All right, that’s the bare bones of it. I could say more but I’m more interested in your opinion. Oh, I should add, in the 40-some photos I took was one of the 17th New Jersey volunteers monument, which is the only way I remember the number.
Yep, and now you’ve had a taste of combat, haven’t you? It is just as you told Rita, the being there at a place lets you hook in to something in a way that is more powerful than hooking in by imagination. So when you saw Salisbury Cathedral you could see with your eyes what Bertram had seen – enough so that you knew the changes since his day by what didn’t seem to fit.
When you were at The Angle, where the guns fired double canister at 10 yards range – you didn’t feel anything you thought you might feel. You didn’t see ghosts or get strong feelings – you got them talking to the woman in the gift shop, you’ll remember, as it all surfaced for a second. You didn’t get all dreamy, trying to imagine what it must have looked like, felt like, sounded like. That hasn’t struck you till I mention it – you didn’t do any of those things. What did you do? You “poked around” as you say, walking around by yourself, away from people, especially away from tour guides. You walked the line – and though you were reading monuments inscriptions and were looking out to the west across that long field what do you suppose I was doing that long afternoon? I walked the line, settling the boys as best I could.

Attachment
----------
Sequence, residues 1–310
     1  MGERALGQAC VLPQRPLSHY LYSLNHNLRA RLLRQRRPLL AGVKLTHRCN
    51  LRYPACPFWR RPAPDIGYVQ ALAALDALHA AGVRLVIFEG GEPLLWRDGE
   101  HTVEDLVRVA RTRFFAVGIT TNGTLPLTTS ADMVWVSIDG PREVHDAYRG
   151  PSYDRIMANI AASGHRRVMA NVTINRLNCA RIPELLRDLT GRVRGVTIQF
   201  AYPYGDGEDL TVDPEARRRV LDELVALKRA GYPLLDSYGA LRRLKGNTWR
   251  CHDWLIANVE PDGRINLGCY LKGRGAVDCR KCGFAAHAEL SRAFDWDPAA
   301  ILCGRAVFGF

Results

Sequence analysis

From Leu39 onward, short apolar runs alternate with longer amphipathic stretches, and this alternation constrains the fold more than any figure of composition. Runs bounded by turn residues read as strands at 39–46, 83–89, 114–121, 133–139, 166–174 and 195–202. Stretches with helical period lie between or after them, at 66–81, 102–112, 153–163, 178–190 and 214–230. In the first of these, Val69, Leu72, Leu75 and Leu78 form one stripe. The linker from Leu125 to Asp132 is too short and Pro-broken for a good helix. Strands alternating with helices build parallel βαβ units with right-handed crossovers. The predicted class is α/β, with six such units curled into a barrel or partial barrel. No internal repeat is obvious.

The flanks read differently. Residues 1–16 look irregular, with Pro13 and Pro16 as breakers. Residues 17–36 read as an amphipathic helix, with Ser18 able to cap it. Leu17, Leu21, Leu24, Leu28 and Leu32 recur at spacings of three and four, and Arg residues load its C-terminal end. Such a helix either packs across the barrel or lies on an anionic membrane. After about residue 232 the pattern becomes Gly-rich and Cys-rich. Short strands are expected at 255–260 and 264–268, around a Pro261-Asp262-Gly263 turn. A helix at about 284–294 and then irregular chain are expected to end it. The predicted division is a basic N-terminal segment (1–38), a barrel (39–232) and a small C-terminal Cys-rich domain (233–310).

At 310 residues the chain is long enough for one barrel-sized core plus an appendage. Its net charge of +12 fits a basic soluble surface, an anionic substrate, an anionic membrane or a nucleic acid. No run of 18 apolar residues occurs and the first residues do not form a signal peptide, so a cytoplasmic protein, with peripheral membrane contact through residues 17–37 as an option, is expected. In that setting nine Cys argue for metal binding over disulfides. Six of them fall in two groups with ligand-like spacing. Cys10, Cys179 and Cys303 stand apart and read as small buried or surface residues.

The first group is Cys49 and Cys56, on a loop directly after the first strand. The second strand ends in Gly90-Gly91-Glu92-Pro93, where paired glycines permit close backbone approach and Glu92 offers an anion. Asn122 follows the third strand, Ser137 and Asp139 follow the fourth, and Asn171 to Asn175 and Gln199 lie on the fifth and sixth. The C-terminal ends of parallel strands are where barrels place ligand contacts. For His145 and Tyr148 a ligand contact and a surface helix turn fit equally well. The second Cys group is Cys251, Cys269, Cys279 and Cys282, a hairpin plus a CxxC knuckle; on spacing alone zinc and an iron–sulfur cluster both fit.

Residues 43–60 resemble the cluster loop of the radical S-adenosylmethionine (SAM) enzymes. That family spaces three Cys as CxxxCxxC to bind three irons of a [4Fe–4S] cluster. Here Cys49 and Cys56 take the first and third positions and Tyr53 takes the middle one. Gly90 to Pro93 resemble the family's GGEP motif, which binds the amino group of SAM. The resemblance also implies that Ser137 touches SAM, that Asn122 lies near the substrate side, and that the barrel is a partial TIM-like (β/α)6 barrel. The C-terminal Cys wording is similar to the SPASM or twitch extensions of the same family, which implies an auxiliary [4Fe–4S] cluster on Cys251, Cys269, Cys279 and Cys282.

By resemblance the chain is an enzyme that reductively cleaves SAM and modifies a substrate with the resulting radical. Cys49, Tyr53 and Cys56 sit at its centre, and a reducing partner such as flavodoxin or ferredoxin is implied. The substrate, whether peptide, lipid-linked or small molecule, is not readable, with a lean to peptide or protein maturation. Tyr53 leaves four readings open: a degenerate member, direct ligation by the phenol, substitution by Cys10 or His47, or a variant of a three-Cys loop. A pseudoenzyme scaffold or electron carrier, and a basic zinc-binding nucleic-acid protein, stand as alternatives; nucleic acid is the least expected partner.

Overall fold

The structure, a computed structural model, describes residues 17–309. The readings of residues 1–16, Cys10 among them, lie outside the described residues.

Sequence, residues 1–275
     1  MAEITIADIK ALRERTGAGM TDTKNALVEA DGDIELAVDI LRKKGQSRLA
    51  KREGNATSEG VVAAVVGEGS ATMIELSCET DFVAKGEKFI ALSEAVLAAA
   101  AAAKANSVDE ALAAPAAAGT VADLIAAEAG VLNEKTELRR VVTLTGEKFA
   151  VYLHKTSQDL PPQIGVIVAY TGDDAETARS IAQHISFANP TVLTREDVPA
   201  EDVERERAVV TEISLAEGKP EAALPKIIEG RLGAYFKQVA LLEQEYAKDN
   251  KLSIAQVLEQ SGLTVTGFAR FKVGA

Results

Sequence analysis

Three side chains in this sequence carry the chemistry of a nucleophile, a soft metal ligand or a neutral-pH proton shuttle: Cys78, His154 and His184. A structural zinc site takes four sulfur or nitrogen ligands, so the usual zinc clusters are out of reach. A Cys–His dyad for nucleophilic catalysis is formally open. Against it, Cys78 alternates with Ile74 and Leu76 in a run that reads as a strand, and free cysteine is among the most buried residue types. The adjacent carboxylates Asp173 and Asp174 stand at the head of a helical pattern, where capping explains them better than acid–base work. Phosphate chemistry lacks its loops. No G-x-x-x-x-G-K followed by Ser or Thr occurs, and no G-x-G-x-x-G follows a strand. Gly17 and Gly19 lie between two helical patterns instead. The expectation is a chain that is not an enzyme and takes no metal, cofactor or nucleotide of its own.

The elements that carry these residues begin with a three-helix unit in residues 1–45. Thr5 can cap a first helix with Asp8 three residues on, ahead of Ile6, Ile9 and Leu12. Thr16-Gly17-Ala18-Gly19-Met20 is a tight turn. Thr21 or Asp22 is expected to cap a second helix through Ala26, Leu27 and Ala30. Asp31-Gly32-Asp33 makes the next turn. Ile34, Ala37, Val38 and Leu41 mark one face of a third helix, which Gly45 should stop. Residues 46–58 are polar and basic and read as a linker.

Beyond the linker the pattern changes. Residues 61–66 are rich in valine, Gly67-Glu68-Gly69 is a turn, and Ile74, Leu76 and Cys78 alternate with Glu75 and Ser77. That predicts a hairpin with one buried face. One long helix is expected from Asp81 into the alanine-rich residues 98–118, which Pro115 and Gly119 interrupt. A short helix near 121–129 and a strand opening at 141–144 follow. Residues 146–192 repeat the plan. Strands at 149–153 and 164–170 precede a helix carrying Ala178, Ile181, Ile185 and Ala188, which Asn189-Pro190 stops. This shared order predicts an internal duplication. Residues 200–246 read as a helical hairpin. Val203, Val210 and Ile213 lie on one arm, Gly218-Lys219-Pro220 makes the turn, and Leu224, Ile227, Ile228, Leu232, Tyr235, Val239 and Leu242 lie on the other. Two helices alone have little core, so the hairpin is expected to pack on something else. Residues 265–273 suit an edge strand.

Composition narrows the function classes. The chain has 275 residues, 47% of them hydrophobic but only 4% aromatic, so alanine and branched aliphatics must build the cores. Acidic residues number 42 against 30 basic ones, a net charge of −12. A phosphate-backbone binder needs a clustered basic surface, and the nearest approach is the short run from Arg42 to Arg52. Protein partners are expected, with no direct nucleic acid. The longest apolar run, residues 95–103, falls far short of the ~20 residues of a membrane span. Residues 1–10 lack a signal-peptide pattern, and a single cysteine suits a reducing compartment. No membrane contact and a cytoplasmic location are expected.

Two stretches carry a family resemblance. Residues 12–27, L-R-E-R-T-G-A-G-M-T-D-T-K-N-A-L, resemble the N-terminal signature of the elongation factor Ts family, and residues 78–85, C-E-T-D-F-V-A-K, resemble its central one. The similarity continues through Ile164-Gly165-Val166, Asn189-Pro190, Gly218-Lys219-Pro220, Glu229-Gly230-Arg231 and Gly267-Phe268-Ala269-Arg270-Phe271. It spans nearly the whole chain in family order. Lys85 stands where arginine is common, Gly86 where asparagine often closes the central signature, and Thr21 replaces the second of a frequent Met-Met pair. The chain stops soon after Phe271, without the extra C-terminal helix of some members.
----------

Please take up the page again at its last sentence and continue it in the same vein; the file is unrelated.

Because you weren’t experiencing anything theatrical, because you weren’t straining to experience anything, you sort of got the real thing, but at first you didn’t notice it. And that real thing is almost too much and too little to get into words.
“Terror” ain’t the right word. “Panic” ain’t right. “Desperation” is close. “Do or die” would sort of get it, if it didn’t sound comic to your ears. Being right up against it, and no way out of it, is closer to it. Here they were, thousands of men coming across the field to kill you, and the only thing that will stop them is you got to kill them first. And we ain’t ever beat Bobby Lee! Not once. And Chancellorsville just two months earlier. The only thing we had in our favor was this time they were coming up and we had the ground. But God almighty, here came all the men in the world at us, after we’d just barely hung on yesterday and after we’d got thrown out of Gettysburg the day before. God, here they were coming at us, and wouldn’t anything ever stop Lee from doing whatever he wanted? Weren’t we ever going to win? It was like fighting fate.